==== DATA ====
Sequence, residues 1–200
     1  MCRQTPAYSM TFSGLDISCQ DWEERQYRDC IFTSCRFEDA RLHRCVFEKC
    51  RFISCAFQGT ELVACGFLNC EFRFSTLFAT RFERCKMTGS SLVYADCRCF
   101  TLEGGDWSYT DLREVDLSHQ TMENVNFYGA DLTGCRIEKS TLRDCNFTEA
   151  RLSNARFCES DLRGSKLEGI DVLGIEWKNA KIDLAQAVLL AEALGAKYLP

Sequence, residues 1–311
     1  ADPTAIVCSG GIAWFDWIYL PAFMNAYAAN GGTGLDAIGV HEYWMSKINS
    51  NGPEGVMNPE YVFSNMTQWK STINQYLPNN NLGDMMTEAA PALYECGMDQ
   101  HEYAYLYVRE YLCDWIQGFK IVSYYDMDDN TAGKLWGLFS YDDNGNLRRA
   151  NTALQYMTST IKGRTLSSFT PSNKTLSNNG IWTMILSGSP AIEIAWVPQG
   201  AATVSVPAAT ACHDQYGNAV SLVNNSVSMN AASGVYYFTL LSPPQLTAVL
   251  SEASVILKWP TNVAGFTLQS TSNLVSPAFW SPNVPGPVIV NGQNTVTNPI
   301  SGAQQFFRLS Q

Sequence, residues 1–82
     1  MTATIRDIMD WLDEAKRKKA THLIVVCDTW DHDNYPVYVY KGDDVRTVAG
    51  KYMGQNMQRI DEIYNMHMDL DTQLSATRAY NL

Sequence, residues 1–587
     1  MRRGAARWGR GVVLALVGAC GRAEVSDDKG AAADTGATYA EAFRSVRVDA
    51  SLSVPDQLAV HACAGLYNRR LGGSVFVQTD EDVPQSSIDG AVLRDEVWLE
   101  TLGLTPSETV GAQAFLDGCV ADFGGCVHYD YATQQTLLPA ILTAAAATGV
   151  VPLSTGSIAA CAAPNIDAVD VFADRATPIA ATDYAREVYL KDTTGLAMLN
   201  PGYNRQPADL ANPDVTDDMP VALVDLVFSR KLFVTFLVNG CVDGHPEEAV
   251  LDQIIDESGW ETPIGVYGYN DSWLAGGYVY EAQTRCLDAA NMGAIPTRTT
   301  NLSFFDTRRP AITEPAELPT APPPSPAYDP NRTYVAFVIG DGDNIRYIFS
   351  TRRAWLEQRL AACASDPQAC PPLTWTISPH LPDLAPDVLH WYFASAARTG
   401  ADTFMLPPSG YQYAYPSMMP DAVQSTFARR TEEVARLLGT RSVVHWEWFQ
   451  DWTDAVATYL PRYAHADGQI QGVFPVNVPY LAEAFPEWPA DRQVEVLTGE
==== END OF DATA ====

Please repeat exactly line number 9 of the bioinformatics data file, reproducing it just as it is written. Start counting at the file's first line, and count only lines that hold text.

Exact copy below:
   101  HEYAYLYVRE YLCDWIQGFK IVSYYDMDDN TAGKLWGLFS YDDNGNLRRA